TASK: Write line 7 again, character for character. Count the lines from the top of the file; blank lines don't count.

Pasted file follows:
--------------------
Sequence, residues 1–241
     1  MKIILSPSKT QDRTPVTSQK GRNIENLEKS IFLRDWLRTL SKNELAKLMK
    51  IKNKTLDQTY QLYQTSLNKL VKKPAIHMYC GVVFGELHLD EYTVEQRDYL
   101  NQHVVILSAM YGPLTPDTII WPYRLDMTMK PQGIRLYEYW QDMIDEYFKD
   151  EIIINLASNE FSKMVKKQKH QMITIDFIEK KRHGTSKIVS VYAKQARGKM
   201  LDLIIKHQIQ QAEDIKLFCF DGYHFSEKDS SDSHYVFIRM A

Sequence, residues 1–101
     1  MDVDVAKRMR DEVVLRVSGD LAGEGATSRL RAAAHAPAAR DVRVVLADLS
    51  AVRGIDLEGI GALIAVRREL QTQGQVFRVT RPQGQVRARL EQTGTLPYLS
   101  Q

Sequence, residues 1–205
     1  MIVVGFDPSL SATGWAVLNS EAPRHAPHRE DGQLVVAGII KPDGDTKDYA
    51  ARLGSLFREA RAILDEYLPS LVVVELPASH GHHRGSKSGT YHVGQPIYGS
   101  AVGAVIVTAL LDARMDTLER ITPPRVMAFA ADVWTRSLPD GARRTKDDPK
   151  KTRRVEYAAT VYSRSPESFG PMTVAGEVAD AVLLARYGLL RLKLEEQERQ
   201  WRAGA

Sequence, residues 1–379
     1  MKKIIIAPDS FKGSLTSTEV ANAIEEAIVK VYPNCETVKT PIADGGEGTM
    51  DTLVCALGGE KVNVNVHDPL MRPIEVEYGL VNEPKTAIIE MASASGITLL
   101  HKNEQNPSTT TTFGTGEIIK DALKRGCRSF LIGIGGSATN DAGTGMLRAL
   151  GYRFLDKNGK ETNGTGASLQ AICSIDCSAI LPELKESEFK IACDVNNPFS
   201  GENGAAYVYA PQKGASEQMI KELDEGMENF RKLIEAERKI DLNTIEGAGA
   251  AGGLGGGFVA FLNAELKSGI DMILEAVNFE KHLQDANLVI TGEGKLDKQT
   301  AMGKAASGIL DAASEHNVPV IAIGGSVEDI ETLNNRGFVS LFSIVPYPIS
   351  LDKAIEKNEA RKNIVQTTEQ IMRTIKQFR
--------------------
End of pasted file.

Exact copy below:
Sequence, residues 1–101